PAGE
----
With the technological advancements emerging in recent years, it seems like everything is interconnected. Individuals can change the temperature in their house, open curtains, turn on a light, unlock a door or even track the contents of their refrigerator. All of these items are collectively referred to as the Internet of Things. According to Dictionary.com, the Internet of Things (often noted as IoT) is “a network of everyday devices, appliances and other objects equipped with computer chips and sensors that can collect and transmit data through the Internet” (Random House, 2017).
These network-enabled devices are sending and receiving copious amounts of data about our daily routines via the Internet — when we are eating or sleeping, exercising habits, our preferred room temperature, etc. The key here is that these devices send and receive data over the Internet; therefore, care must be taken to secure these items from cyber criminals.
At hospitality technology conferences, there have been countless sessions on guest technology and one standard tends to repeat over and over… Guests want access to the same technologies they have at home while traveling. That brings us to the IoT. What IoT technologies are hospitality businesses deploying?
Hotels allow guests to bypass the front desk by checking in with their phone and using their phone as their room key. Energy management can be conducted remotely by monitoring heaters and air conditioning units. Inventories can be taken, boarding passes delivered, security cameras… and the list of applications for the hospitality industry goes on and on.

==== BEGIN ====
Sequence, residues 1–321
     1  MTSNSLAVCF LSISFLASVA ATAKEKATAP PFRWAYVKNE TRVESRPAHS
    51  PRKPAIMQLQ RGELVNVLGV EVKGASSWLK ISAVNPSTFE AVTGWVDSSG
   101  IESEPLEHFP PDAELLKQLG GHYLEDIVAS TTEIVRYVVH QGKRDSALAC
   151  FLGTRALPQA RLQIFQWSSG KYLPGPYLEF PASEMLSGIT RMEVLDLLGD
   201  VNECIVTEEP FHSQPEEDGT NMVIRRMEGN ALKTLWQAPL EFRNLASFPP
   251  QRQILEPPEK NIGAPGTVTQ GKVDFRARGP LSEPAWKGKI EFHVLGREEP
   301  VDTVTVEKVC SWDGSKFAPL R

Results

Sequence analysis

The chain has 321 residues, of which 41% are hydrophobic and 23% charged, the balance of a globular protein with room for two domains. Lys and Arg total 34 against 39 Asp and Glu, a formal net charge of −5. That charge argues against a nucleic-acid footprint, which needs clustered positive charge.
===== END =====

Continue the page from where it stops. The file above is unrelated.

“It is important to recognize the higher level of complexity that all these new devices bring,” shares Cristian Morosan, Ph.D., CHTP, CHE associate professor at the University of Houston’s Conrad N. Hilton College of Hotel and Restaurant Management. “Businesses need to think through very carefully before making any premature technology deployment decisions, and have this complexity in mind. More complex networks, procedures, and how the humans operate and troubleshoot all these technologies may create vulnerabilities.”
As we already know, items connected to the Internet can cause information security issues if not properly safeguarded. The U.S. Department of Homeland Security provided three valuable tips for increasing the security on Internet-enabled devices:
- Keep a clean machine. Like your smartphone or PC, keep any device that connects to the Internet free from viruses and malware. Update the software regularly on the device itself as well as the apps you use to control the device.
- Think twice about your device. Have a solid understanding of how a device works, the nature of its connection to the Internet, and the type of information it stores and transmits.
- Secure your network. Properly secure the wireless network you use to connect Internet enabled devices.
These guidelines can and should be applied to any IoT devices at home, in a hotel, at a private club, in a spa or at a restaurant. The most important piece of the puzzle is properly securing the network to prevent hackers from connecting to your devices. Depending on the device, such as a thermostat, hackers could gain access to the climate control system within your building and change or disable temperature controls. This could cause a minor discomfort to guests or it could result in a more serious situation if you are at a sky resort in the middle of winter. Imagine your hotel guests returning to their rooms without any heat!
- Random House. (2017) Internet of Things. Retrieved September 26, 2017 from http://www.dictionary.com/browse/internet-of-things.
- U.S. Homeland Security. (nd). Internet of things tip card. Retrieved September 27, 2017 from www.dhs.gov.
Tanya Venegas, MBA, MHM, CHIA is director of customer success at HotStats based in Houston, Texas USA. Tanya served as executive director at the HFTP Americas Research Center at the Conrad N. Hilton College of Hotel and Restaurant Management at the University of Houston for more than 15 years.0